What is heart block?
The heartbeat is created by an electrical signal that starts in the heart’s upper right chamber (right atrium). The signal is produced in an area of specialized cells in the atrium called the sinus node.
The electrical signal moves down through the heart to the atrioventricular (AV) node, another cluster of specialized cells that is located in the center of the heart between the atria and ventricles. The AV node is sometimes referred to as an electrical relay station because its function is to slow the electrical current before it passes to the lower chambers of the heart (ventricles). From the AV node, the electrical current travels to the ventricles along special fibers embedded in the heart walls. When the current arrives in the ventricles, they contract and pump blood out to the body.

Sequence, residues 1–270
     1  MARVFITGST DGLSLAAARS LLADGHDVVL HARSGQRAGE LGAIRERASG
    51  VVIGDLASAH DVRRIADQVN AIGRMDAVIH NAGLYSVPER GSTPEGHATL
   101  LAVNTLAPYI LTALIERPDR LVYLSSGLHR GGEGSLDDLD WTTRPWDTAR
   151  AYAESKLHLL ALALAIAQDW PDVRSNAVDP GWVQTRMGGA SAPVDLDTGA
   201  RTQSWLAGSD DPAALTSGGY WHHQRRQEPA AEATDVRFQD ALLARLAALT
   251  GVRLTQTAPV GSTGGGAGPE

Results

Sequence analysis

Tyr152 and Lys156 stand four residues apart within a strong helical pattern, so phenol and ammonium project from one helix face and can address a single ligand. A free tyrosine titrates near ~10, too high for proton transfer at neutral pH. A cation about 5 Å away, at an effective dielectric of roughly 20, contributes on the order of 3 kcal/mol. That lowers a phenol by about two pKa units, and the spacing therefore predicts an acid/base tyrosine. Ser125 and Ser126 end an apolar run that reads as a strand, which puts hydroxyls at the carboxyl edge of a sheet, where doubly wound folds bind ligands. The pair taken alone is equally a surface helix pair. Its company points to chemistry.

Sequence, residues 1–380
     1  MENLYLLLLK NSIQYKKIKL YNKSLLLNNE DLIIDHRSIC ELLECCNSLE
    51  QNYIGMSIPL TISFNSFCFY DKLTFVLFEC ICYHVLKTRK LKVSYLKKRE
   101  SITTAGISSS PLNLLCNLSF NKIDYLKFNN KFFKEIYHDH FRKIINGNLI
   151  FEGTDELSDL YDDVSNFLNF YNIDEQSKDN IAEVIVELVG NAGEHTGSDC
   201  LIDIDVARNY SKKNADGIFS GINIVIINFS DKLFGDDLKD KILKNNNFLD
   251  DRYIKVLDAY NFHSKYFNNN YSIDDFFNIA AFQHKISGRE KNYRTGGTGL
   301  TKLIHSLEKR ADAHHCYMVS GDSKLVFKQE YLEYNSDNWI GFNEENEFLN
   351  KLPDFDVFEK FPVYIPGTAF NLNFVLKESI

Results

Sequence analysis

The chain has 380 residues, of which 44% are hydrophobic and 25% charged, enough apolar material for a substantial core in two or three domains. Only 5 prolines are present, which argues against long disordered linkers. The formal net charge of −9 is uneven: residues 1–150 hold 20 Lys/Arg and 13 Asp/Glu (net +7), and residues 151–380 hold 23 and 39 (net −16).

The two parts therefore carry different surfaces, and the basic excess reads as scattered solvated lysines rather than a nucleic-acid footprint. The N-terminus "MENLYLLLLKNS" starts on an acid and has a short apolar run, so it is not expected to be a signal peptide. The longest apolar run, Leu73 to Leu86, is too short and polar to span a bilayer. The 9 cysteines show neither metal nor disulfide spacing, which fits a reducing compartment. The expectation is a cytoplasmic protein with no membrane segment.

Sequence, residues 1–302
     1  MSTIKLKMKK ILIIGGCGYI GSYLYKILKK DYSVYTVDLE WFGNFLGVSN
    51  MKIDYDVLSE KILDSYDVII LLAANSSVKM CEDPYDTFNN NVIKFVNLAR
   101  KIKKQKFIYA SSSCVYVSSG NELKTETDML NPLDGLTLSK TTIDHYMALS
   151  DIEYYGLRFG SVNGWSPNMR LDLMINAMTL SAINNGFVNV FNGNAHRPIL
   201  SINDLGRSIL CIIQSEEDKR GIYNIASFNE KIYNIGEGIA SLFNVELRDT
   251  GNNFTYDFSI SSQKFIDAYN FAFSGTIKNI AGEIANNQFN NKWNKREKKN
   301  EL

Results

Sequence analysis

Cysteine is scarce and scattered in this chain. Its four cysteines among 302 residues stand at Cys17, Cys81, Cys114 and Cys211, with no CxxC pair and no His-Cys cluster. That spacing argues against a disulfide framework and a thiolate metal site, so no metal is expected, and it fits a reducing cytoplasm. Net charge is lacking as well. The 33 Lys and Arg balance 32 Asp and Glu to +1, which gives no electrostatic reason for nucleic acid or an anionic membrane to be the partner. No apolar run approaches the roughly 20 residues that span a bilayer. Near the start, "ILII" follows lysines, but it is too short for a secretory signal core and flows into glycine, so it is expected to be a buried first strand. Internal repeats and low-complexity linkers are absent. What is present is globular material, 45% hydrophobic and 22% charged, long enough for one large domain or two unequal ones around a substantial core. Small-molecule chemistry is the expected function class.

In people with heart block, also called AV block, the electrical signal that controls the heartbeat is partially or completely blocked from reaching the ventricles.
Who is at risk for heart block?
Heart block can be present at birth (congenital), but most heart block develops after birth. In general, the risk of acquired heart block increases with age, along with the incidence of heart disease.
First-degree heart block is common among well-trained athletes, teenagers, young adults, and people with a highly active vagus nerve. People with a variety of heart disease, including coronary artery disease, rheumatic heart disease, sarcoidosis or other structural heart disorders, are also at risk for developing first-degree heart block.
What causes acquired heart block?
Acquired heart block has many possible causes, including heart attack (the most common cause), heart disease, an enlarged heart (cardiomyopathy), heart failure and rheumatic fever. Sometimes heart block occurs as a result of injury to the heart during open heart surgery, as a side effect of some drugs, or after exposure to a toxin.